The Race Score World Championship

R.S. Standings Driver Race Score RSWC Points
1 Castroneves 73.09 25
2 Dixon 72.00 18
3 Viso 68.00 15
4 Hinchcliffe 67.82 12
5 Kanaan 58.00 10
6 Andretti 54.00 8
7 Bourdais 50.00 6
8 Tagliani 46.00 4
9 Wilson 42.00 2
10 Carpenter 42.00 1

- Yes, that's right Ed Carpenter. Ed gets 1 RSWC point (Wilson wins the tiebreaker for finishing higher). I hereby go on the record saying that Carpenter finishes in top 10 in the RSWC this year.

- Remember what I said about Bourdais? I feel super-smart now.

- Tagliani picks up 4 points after not being seen much on television. Really nice livery, though! Really nice.

Well, that's that I've got for now. I might come back with an F1 Bonus Blog later this week, but don't be surprised if I don't. It's Holy Week. I'm busy. See you in Barber! (I'll surely blog before Barber, but that sounded good.)

-- Guido

Friday, March 22, 2013

The Ghost of St. Pete Past

Hello Internet! This week we look back at the IndyCar race at St. Petersburg last year, by breaking down the Race Scores from that race. We'll also look ahead to this week's season opener in St. Pete by looking at the differences between this year's race and last. Plus, I'll be unveiling the way that Scoring Indy will be quantifying season-long performance for the 2013 IndyCar season.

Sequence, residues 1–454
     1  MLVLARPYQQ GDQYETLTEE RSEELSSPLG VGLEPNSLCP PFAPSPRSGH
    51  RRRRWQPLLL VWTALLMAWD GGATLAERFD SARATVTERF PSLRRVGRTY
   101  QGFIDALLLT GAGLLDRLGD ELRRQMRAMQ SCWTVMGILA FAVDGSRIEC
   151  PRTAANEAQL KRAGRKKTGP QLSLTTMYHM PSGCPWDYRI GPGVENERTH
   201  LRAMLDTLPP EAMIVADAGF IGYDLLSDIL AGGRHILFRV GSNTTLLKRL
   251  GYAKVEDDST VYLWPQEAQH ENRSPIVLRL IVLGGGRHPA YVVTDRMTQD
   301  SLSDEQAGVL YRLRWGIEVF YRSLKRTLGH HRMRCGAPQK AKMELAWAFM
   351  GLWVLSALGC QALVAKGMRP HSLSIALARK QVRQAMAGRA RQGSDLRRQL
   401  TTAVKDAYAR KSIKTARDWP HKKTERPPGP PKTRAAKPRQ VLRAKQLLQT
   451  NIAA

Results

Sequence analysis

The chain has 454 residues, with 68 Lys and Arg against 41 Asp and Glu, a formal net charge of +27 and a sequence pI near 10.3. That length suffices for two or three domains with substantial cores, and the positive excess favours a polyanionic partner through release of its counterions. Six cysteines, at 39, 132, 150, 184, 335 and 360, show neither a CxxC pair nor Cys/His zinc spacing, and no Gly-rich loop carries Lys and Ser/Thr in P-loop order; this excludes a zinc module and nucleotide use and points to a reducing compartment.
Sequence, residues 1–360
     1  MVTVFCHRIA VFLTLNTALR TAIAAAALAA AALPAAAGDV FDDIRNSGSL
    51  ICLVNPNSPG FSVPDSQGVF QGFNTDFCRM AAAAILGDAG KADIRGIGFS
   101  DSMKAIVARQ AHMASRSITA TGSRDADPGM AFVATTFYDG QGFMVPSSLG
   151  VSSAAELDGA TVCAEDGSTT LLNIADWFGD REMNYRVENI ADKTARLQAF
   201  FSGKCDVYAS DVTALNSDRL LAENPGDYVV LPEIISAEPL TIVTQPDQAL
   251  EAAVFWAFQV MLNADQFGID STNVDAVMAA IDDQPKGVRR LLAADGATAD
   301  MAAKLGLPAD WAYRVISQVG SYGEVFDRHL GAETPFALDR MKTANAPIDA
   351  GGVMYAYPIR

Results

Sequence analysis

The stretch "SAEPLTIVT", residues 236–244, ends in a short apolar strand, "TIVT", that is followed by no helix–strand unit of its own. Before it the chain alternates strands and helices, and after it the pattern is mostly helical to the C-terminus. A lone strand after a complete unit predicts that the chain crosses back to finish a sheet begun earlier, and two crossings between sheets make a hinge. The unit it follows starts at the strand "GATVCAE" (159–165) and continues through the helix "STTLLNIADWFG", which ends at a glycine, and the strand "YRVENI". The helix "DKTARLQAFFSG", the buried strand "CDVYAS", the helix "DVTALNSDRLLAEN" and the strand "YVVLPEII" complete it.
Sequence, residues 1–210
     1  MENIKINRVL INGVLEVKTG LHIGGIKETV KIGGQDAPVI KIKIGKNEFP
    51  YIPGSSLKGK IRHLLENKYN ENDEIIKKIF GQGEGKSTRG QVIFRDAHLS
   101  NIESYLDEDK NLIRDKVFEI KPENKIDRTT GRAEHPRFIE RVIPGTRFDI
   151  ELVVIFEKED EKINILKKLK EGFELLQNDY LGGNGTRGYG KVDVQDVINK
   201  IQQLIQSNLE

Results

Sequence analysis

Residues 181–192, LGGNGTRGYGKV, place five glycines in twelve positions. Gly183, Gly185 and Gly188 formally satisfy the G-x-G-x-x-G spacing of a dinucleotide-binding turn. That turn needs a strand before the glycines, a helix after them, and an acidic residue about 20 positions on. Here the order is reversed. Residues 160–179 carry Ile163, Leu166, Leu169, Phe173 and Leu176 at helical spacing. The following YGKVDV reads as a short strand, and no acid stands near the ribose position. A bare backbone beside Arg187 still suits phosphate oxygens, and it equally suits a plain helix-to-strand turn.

St. Pete 2012

I don't think I'll ever forget the picture of Helio slapping the "Dan Wheldon Way" sign. It went a long way toward healing for me. But, that's a lot of feelings, and this blog is about numbers, data, and performance. So, here is the carnival of data from last year's St. Pete Grand Prix:

Race Finish Driver Starting Position Laps Led Laps Completed Race Score
1 Castroneves 5 28 100 71.69
2 Dixon 6 37 100 74.27
3 Hunter-Reay 3 0 100 46.15
4 Hinchcliffe 4 0 100 44.23
5 Briscoe 2 9 100 41.04
6 Pagenaud 16 0 100 59.62
7 Power 1 11 100 32.42
8 Viso 12 0 100 44.23
9 Kimball 22 0 100 59.62
10 Wilson 15 0 100 42.31
11 Newgarten 19 0 100 46.15
12 Rahal 10 0 100 25.00
13 Franchitti 9 1 100 19.73
14 Andretti 7 0 99 11.67
15 Tagliani 17 0 99 26.88
16 Servia 23 0 99 34.48
17 Barichello 13 0 98 11.69
18 Carpenter 24 0 98 28.62
19 Hildebrand 18 3 96 14.98
20 Conway 11 0 75 0.48
21 Bourdais 26 0 73 18.56
22 Sato 14 11 73 2.40
23 Legge 25 0 59 9.96
24 de Silvestro 21 0 22 4.50
25 Kanaan 8 0 21 -3.02
26 Jakes 20 0 19 -0.27

Observations from last year's race:

- The Race Score Podium: 1) Dixon: 74.27; 2) Castroneves: 71.69; 3) Pagenaud 59.62